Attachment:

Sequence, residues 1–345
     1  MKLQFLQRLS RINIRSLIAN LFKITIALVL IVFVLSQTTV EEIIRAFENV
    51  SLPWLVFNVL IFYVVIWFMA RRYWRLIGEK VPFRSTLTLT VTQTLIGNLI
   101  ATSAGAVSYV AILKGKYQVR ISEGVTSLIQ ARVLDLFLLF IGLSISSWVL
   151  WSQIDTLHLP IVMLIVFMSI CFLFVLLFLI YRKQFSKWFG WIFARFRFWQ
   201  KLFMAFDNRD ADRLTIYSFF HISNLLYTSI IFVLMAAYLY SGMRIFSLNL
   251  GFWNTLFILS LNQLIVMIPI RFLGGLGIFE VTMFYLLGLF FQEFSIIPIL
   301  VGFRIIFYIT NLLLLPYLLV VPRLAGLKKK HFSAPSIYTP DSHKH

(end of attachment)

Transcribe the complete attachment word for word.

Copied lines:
Sequence, residues 1–345
     1  MKLQFLQRLS RINIRSLIAN LFKITIALVL IVFVLSQTTV EEIIRAFENV
    51  SLPWLVFNVL IFYVVIWFMA RRYWRLIGEK VPFRSTLTLT VTQTLIGNLI
   101  ATSAGAVSYV AILKGKYQVR ISEGVTSLIQ ARVLDLFLLF IGLSISSWVL
   151  WSQIDTLHLP IVMLIVFMSI CFLFVLLFLI YRKQFSKWFG WIFARFRFWQ
   201  KLFMAFDNRD ADRLTIYSFF HISNLLYTSI IFVLMAAYLY SGMRIFSLNL
   251  GFWNTLFILS LNQLIVMIPI RFLGGLGIFE VTMFYLLGLF FQEFSIIPIL
   301  VGFRIIFYIT NLLLLPYLLV VPRLAGLKKK HFSAPSIYTP DSHKH